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Joseph’s Sons and Chanukah

Joseph’s Sons and Chanukah

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In the portion of Mikeitz, we read of the birth of Joseph’s two children, Manasseh and Ephraim. These names have meaning. Manasseh means “G‑d made me forget all my hardships and all my father’s home.” Ephraim means “G‑d made me fruitful in the land of my suffering.”

Being in Egypt, Joseph was aware that he was put there to affect Egypt in a positive and G‑dly way. But at the same time, he needed to insure that he would not lose his Jewish identity, which is a possible effect of mingling in a foreign culture.

The names of his sons addressed these sentiments. Ephraim, to be fruitful in the land of my suffering, is involving himself and affecting Egypt. Manasseh is too connected to his past. Although he talks about forgetting, he is referring to the anguish he suffered, and not the G‑dly way of life and the Torah he learned.

What lesson can we take from Joseph? Why did Manasseh come first? How does this connect to Chanukah?

Joseph sets the standard for all Jews at all times. We are Joseph! We are meant to uplift the world around us, by influencing our surroundings with Torah values. We know this is true, because G‑d put us here in a physical world.

The problem is that the lures of the outside cultures are enticing, especially when we find success. This is why Manasseh comes first. In order to be effective and not be swept away, we must constantly develop and strengthen our essential bond and foundation in Judaism. This needs to come first, if we want to be successful in our mission to change the world in a positive way.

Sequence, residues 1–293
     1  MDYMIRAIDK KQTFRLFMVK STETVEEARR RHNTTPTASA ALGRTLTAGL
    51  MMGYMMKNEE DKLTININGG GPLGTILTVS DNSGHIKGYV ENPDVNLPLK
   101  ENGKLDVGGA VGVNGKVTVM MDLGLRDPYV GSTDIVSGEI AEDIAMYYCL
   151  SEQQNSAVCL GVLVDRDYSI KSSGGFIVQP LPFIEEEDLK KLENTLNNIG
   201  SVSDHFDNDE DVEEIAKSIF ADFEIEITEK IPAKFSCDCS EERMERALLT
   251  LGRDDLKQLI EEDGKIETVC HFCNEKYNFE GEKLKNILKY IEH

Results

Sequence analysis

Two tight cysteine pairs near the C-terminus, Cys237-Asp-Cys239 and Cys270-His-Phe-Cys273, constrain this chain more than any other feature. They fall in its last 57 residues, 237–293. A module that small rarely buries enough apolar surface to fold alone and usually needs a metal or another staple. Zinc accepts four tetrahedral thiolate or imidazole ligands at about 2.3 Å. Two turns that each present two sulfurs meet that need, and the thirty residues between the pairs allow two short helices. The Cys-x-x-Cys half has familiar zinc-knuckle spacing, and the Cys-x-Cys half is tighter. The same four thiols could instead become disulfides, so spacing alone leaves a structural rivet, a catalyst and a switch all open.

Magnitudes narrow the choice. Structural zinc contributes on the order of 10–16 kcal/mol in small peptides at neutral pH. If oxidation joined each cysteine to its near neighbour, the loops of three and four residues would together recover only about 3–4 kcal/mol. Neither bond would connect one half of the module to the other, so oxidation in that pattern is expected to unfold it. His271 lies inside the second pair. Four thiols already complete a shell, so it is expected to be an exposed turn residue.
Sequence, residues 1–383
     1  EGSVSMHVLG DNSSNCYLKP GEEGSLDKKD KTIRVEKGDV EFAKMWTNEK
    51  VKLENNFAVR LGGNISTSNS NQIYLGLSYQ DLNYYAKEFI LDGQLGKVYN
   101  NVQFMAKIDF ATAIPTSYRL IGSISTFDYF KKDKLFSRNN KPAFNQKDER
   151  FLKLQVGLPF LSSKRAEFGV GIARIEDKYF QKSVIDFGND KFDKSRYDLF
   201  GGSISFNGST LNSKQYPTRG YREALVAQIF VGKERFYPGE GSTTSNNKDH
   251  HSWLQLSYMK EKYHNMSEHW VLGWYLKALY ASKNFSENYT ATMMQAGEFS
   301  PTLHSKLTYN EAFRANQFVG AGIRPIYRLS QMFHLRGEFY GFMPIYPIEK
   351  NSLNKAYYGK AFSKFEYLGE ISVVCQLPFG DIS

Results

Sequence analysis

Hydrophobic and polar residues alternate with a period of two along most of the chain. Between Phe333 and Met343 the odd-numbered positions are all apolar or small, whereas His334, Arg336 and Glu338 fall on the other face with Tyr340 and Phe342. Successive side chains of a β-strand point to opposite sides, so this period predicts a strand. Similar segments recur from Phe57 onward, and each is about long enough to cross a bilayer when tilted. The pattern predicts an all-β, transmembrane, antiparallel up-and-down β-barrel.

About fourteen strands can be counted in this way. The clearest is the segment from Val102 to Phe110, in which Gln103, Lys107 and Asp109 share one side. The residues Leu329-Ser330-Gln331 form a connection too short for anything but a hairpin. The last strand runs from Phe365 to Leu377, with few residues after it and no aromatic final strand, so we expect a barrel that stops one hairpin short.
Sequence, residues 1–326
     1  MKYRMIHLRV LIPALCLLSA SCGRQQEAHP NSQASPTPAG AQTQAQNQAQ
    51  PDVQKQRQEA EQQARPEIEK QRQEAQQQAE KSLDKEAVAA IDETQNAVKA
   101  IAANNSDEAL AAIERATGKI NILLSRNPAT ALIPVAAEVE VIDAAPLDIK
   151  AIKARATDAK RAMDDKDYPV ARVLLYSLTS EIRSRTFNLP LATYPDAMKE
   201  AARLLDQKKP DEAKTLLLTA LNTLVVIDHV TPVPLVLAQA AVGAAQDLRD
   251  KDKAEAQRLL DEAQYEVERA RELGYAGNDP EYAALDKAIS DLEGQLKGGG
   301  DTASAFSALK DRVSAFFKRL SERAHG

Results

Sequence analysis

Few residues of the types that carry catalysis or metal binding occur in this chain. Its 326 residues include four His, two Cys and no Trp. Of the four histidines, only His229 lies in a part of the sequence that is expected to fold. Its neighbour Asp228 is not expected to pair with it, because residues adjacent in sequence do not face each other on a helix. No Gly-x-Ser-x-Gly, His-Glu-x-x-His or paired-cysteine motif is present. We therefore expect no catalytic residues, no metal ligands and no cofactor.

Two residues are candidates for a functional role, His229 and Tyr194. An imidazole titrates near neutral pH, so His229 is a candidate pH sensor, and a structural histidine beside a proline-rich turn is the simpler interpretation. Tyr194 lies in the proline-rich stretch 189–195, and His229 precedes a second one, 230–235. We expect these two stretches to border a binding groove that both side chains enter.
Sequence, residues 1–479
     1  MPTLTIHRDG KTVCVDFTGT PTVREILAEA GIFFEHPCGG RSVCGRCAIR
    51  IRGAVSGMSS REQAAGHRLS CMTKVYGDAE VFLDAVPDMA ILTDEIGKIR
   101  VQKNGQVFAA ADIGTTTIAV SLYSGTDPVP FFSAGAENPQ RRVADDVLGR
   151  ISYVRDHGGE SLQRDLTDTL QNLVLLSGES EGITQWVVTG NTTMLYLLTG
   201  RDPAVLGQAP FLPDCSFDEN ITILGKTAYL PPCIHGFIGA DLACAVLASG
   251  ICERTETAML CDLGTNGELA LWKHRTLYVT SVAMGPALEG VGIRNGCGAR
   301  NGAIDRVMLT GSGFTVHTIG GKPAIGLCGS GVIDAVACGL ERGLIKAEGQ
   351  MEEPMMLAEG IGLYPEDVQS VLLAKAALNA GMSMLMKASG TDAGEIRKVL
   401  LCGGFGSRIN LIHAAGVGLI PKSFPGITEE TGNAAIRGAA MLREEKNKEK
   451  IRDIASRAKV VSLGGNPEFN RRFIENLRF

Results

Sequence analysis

During the story of Chanukah, many of the Jewish people succumbed to the licentious lifestyle of the Greeks. They lost their way, their sense of moral superiority, their connection to Torah and holiness. The Maccabees, outnumbered and weak, saved the day and saved Judaism. Not because they were great warriors, but because they were true to G‑d and His Torah, and when you’re on G‑d’s side, you never lose.

Today, we find ourselves, again in a world of confusion and lies. As we witness the collapse of decency, morality and truth, we must strengthen our essential Jewish foundation. We must, like the Maccabees, stand strong for what we know to be the truth and the highest standard of living: the Torah way.

May the light of Chanukah light up the world and may we soon dedicate our Holy Temple again, with the coming of Moshiach. May he come soon!

Rabbi Yitzi Hurwitz—father of seven, husband of Dina, and spiritual leader at Chabad Jewish Center in Temecula, Calif.—has been rendered immobile by ALS (Lou Gehrig’s Disease). Unable to speak or type, he uses his eyes to write heartfelt thoughts on the weekly Torah portion.

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